The Steam Era (Was: NYC 4 bay hopper lives too)

Tom Madden <tgmadden@...>

This is the Steam Era Freight Car List. The natural cutoff date is
1960, when the IC and N&W dropped their fires.
Yes, this is the Steam Era Freight Car List. But it's not the Steam Locomotive List. I have no interest in ACI labels, removed running boards, shortened ladders and the Penn Central, but multitudes of freight cars from "our era" served well beyond 1960. I should think we could fudge the end date forward a few years to encompass the period when Steam Era Freight Cars survived and served in close to their pre-1960 condition.

Look, I want to preserve the heritage of the Steam Era as much as anybody. But part of that preservation is passing our knowledge and interests on to younger modelers. I'll be 73 in a few months, and my railroad interests, both prototype and modeling, are firmly rooted in the 1935 - 1949 time frame. I'm concerned that younger modelers have little interest in our era. In the summer of 1950 my dad bought me the July 1950 MR at a local newsstand. The feature article was "An Excursion to 1880 - Old Time Rolling Stock". There was nothing.... NOTHING... in that article that interested me. Nothing that I could relate to the 1950 railroading I saw every day. I've mellowed a bit since then and will admit that 19th century RR equipment has a certain charm, but I have no interest in it. Give me a hulking 20th century 2-10-2 over a wood burning 4-4-0 every time.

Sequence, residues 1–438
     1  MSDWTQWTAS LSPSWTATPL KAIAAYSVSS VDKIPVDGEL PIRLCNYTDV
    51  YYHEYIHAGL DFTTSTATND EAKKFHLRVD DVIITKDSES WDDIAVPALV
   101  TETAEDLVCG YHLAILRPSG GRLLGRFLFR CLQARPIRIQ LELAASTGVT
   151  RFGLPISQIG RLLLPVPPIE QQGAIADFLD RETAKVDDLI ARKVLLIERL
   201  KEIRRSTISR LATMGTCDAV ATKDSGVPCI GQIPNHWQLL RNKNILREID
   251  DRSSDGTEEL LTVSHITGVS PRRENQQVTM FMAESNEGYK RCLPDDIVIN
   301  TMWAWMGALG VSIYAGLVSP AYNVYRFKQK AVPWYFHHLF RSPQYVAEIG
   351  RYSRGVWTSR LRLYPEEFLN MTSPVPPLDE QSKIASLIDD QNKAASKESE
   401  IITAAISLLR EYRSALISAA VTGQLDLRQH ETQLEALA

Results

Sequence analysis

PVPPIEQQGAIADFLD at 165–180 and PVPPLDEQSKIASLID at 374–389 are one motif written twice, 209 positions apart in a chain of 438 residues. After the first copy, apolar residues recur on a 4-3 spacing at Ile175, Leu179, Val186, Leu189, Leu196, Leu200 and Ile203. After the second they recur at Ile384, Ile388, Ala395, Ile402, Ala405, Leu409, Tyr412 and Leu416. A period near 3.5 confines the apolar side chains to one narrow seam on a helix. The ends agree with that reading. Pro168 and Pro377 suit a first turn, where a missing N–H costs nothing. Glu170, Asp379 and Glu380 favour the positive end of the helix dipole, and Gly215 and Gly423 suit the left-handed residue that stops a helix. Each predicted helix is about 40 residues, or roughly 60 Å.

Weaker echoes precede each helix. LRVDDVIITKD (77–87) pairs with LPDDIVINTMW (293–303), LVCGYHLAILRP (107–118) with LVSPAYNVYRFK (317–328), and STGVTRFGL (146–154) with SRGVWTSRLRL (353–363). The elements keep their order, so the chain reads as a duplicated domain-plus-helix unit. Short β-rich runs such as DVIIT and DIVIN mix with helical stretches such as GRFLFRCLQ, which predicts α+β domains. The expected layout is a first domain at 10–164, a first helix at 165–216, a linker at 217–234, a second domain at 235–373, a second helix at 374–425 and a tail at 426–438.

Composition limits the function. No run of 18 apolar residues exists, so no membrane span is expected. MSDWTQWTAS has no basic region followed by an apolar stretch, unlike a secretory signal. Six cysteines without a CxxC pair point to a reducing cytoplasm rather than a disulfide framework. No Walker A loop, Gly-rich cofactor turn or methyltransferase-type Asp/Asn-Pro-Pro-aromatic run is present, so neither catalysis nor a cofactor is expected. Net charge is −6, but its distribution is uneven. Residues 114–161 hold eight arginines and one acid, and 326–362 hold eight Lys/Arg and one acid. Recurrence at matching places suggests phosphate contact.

That summer of 1950 my 14-year old self found nothing of interest in a 70-year look-back. Today's young modelers - whether 14, 24 or 34 - looking back 70 years find themselves smack in the middle of our era of interest. Should we expect them to find it interesting? These are people who lament the loss of Conrail, and consider it a Fallen Flag worthy of their attention.

Maybe I'm overreacting (again), but as I watch our 1960 cut-off date recede further and further into the past I fear that the Steam Era, and those of us who love it, will become ignored anachronisms for today's modelers, like the 1880's did for me.

Tom Madden

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